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11th August 2023
Psychological factors associated with foot and ankle pain
Foot and ankle pain is common in the community. Foot pain is estimated to have a prevalence between 13 and 36% and ankle pain has an approximate prevalence of 12%. Compared to other body regions, the foot/ankle is the third most common site of self-reported joint pain for adults aged over 55 years.
The presence of foot and ankle pain is a risk factor for functional impairments such as:
- Locomotor disability
- Impaired balance
- Increased risk of falls
- Reduction or inability to do physical exercise
- Reduced health-related quality of life
"Negative psychological constructs are greater in participants with foot and ankle pain compared to those without foot and ankle pain".
Foot and ankle pain, however, is not only associated with increased risk of physical or functional impairments – but also negative emotional and cognitive factors were more common in people with foot/ankle pain compared to those without foot/ankle pain. Emotional factors such as depression, anxiety and general indicators of emotional distress are more common in people with persistent pain than in pain-free controls for a range of conditions (e.g., mixed, back, head, neck, fibromyalgia, arthritis). A significant association was also found between emotional distress with foot pain and foot function in some people with plantar heel pain.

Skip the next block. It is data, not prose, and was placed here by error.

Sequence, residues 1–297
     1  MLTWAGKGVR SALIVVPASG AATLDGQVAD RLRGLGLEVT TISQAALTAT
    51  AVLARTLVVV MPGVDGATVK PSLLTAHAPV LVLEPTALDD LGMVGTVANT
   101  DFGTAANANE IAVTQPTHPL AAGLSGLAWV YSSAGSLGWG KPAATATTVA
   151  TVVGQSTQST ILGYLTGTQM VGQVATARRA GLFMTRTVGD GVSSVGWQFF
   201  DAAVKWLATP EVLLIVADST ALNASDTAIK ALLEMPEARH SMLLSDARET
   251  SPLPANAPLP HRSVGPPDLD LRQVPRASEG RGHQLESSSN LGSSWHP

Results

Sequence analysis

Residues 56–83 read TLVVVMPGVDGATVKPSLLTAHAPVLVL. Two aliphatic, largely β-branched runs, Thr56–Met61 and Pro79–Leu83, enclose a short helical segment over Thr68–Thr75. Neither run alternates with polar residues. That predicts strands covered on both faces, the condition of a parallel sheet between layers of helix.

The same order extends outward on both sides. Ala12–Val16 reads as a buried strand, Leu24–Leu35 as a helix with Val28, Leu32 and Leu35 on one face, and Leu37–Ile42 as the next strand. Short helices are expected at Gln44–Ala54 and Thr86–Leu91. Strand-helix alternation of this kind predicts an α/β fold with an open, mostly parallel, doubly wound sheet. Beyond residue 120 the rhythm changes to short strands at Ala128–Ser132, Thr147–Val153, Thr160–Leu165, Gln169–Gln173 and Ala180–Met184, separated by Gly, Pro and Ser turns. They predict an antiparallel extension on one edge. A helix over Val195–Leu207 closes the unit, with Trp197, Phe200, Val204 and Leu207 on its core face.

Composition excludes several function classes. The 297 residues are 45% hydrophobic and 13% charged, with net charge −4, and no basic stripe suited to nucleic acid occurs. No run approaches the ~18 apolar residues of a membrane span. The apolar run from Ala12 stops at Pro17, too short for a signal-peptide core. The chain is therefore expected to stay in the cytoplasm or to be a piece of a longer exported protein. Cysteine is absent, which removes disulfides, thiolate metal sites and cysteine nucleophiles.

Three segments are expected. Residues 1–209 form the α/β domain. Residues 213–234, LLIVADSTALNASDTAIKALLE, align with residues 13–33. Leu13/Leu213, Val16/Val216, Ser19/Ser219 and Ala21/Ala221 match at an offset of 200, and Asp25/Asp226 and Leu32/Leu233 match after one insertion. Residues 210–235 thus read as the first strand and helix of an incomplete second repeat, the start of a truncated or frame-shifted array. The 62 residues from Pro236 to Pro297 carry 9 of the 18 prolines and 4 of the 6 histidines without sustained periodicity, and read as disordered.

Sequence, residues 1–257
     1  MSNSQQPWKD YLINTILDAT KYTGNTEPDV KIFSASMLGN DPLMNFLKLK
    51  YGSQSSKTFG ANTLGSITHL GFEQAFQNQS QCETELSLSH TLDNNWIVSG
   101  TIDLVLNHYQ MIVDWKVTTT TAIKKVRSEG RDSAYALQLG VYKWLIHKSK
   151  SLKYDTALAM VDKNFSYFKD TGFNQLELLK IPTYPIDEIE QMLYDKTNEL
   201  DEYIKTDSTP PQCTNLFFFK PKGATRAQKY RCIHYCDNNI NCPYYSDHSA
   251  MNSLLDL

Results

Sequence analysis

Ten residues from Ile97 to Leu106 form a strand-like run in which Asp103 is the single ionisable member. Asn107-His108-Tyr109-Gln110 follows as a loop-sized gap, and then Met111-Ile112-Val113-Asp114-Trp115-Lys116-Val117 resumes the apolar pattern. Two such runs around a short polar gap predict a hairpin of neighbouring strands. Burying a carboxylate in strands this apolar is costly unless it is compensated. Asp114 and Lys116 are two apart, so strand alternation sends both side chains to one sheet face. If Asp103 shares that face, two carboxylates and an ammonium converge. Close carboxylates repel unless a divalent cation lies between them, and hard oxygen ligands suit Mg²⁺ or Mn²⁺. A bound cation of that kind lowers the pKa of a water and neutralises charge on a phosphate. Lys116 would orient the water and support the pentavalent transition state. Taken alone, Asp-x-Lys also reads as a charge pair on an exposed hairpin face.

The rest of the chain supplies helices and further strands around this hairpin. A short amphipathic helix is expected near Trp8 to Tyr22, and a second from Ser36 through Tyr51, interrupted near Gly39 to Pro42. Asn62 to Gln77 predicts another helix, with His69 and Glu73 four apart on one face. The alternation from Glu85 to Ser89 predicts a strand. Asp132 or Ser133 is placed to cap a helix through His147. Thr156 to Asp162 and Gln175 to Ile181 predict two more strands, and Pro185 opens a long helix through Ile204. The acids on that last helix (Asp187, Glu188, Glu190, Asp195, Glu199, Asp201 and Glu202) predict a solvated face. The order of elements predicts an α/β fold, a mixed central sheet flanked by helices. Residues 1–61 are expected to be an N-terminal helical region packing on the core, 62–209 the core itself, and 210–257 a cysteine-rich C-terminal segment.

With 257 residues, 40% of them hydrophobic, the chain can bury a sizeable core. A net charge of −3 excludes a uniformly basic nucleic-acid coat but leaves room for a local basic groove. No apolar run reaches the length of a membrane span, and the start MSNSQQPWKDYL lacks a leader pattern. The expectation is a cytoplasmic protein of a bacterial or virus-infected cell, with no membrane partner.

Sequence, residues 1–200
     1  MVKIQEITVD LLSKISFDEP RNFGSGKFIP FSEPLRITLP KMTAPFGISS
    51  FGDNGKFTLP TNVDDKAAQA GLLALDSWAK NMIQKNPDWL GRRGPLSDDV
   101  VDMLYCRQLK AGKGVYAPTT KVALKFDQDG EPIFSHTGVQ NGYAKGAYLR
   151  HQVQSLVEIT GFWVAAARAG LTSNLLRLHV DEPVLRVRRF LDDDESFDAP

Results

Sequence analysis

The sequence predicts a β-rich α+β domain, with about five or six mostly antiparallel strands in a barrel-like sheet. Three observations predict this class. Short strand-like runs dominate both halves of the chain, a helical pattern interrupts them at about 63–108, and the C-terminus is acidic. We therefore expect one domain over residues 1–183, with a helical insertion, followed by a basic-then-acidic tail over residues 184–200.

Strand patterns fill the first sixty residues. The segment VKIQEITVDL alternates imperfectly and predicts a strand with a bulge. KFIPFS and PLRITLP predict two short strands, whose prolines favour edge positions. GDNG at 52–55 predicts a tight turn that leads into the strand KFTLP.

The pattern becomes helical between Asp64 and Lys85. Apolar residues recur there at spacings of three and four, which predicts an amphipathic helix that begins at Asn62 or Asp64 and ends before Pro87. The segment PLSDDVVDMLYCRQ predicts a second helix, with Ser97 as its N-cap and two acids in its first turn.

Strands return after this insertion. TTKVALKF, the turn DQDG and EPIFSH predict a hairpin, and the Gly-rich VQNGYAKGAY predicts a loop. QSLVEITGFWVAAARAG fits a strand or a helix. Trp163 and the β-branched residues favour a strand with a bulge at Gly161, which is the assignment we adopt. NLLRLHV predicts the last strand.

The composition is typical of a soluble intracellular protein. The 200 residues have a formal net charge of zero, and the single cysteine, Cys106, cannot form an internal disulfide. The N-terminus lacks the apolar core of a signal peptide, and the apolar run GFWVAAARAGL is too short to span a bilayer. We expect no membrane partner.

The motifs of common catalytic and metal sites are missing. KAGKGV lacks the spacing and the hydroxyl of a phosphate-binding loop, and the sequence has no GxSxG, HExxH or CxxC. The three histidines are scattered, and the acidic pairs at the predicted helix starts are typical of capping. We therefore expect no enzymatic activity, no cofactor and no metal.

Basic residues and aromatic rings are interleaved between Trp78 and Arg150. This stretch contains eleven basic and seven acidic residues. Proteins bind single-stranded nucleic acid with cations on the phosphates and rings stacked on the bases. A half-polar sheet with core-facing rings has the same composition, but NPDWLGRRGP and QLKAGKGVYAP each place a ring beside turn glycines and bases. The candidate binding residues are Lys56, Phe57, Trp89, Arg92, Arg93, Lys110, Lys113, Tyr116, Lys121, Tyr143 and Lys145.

Foot and ankle pain is generally viewed through a biomedical lens rather than applying a biopsychosocial model. Health practitioners treating foot and ankle conditions should utilise a biopsychosocial model, which describes foot/ankle pain as a result of the interaction between biological, psychological and social factors. This model shifts the focus from the pathophysiological processes associated with pain and reinforces the influence of a person’s emotional state, cognitive processes, and subsequent behaviour on pain.
Our experienced Podiatrists appreciate the psycho-social impact pain can have on your general wellbeing.
Psychological factors associated with foot and ankle pain: a mixed methods systematic review: Matthew Cotchett, Nicoletta Frescos, Glen A. Whittaker & Daniel R. Bonanno